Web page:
LGBTQ+ representation in the media is much more frequent nowadays than it was even ten years ago. However, more representation means more chances for misrepresentation, which more often than not is the case in media with LGBTQ+ characters and relationships.
Harmful stereotypes of members of the LGBTQ+ community are a huge part of this. One of the most popular stereotypes is the extremely feminine gay man. While obviously there are many people like this, and it is in no way a bad thing, the sheer amount of characters written in this way reinforces the harmful stereotype that being attracted to men “makes you” incredibly feminine. In the same way, lesbians are frequently portrayed as more masculine by having short hair, wearing what is considered traditionally men’s clothing, etc.
Forcing gay and lesbian characters to fall into these categories can cause mental health issues and emotional struggles amongst people in the LGBTQ+ community. For example, LGBTQ+ people might not fit in with who they’re “supposed” to be/how they’re “supposed” to act in accordance with their sexuality. From here can stem extreme feelings of loneliness and isolation, as described in the article “Is Chronic Loneliness Real?” as people who don’t fall into these categories would not feel like they belong anywhere, even within the LGBTQ+ community, which of all the places should be the most safe and accepting space for all its members.
Often times gay characters that fall into the stereotype category are overly sexualized as well and they overly sexualize all other attractive people of the same gender that they come into contact with in a way that is more often than not inappropriate and borderline harassment. The existence of this trope greatly harms the public perception of the LGBTQ+ community. It reinforces the idea that LGBTQ+ relationships are solely sexual and thus people involved in them are “sexual deviants,” which was and is an argument used against same-sex marriage and relationships.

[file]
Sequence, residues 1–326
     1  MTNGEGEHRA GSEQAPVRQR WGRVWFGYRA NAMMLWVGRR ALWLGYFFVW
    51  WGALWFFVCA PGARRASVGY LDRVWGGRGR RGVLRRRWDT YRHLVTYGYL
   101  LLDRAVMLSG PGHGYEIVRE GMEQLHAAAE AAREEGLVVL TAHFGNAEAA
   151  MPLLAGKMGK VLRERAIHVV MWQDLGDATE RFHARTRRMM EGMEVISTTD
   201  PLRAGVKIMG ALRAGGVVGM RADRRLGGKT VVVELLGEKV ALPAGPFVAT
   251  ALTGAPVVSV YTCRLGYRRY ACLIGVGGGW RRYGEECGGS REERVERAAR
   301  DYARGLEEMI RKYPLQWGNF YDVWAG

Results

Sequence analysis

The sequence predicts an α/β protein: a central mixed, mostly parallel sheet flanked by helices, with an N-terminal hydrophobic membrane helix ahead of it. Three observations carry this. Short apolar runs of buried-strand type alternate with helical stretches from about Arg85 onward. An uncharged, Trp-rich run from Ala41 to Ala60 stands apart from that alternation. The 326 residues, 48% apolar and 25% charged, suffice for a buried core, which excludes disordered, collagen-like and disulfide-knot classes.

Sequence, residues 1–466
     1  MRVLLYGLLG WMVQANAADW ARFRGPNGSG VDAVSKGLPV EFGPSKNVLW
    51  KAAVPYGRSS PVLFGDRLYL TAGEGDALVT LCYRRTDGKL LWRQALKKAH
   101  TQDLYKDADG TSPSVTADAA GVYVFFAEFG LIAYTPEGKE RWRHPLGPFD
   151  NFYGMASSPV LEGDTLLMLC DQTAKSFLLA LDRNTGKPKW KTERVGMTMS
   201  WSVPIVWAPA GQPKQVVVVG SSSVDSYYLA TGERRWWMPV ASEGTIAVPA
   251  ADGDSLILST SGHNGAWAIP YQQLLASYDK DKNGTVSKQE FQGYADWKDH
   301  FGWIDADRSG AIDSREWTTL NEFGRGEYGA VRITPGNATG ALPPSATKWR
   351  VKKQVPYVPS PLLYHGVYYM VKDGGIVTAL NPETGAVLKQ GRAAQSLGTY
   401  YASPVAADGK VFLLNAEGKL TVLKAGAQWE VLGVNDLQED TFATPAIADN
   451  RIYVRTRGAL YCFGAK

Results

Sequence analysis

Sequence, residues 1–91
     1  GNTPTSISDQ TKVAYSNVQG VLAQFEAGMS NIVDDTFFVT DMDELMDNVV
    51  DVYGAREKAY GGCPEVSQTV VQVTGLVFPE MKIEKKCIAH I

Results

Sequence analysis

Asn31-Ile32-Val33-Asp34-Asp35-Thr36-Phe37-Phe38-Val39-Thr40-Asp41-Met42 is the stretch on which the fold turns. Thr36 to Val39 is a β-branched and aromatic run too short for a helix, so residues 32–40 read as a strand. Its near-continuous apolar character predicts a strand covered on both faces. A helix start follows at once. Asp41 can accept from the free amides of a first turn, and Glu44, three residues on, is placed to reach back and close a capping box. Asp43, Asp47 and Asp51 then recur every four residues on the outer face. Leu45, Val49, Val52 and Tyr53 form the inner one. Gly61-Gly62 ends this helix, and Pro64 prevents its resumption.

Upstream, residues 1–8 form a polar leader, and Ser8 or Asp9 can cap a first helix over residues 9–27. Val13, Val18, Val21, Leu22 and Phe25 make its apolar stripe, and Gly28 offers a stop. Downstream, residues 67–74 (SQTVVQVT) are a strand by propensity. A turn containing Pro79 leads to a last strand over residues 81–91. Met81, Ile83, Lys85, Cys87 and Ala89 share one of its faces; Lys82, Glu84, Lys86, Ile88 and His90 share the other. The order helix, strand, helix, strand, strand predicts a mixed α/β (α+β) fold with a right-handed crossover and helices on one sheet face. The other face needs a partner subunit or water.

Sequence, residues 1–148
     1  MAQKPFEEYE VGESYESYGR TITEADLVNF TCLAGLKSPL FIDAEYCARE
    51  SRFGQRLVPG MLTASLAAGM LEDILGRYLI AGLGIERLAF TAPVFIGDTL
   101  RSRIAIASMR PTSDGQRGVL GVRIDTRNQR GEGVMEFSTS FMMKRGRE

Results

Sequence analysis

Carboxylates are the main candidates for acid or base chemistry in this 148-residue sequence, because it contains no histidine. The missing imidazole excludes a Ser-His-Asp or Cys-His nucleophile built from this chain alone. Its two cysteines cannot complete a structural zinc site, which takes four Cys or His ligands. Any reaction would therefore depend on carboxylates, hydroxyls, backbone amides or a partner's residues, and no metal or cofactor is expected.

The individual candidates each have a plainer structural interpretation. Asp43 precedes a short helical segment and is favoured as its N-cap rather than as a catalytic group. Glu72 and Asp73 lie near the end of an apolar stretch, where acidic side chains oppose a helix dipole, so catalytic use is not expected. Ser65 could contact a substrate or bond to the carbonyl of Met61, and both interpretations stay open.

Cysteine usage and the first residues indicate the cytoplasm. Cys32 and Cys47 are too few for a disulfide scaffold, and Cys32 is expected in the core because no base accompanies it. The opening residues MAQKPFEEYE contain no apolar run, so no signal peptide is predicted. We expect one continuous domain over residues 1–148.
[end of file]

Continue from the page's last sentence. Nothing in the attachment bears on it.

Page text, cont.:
According to the LGBT foundation, the misrepresentation that follows the trans and non-binary community often damages the public’s perception of them. Anti-transgender hate crimes doubled in 2018 from the previous numbers in 2015-2016. This strongly indicates a surge on anti-trans attitudes, that can be credited to misrepresentation on who these people are.
Another way LGBTQ+ people are misrepresented is in the form of queerbaiting. Queerbaiting according to PinkNews is a way that companies and producers try to lure people from an LGBTQ+ viewer base that are connecting with a character that is heavily implied to be part of the community but ultimately ends up either unconfirmed or being heterosexual. This is thought to be a way to satisfy, and or appeal to the media’s LGBTQ+ community fanbase and not lose their main/straight audience. This seems to do more harm than good though as it insinuates that the LGBTQ+ audience is a 2nd thought to them, or less important. It also suggests that queer relationships are less valuable.
The misrepresentation of LGBTQ+ people in the media is abundant and harmful. In the end, it hurts the very people the media is trying to represent. The problem is that all companies that don’t take the time to hire LGBTQ+ writers and editors want the most amount of people to be interested in whatever it is they are producing, instead of wanting for all people to be represented in media. Because of this, these companies become lazy in writing media with LGBTQ+ people and instead write whatever they think will appeal to the LGBTQ+ community by playing into stereotypes used by other sources of media. This cycle repeats itself over and over again for years.
So, how can we address and solve these issues? Well, for starters, media creators heavily rely on the audience’s response to their product. Without viewers the creators make no money, so they’re almost always willing to adapt to whatever their audience wants (although this isn’t always the case). If there’s a big problem with the product, cause an uproar. Make people notice the problem. Once the issue is addressed, people will start to react and hopefully the producers will too. From there we can show these companies how to show LGBTQ+ characters in a way that doesn’t harm the community. There is hope for improvement in the representation of LGBTQ+ people in media, all we have to do is act.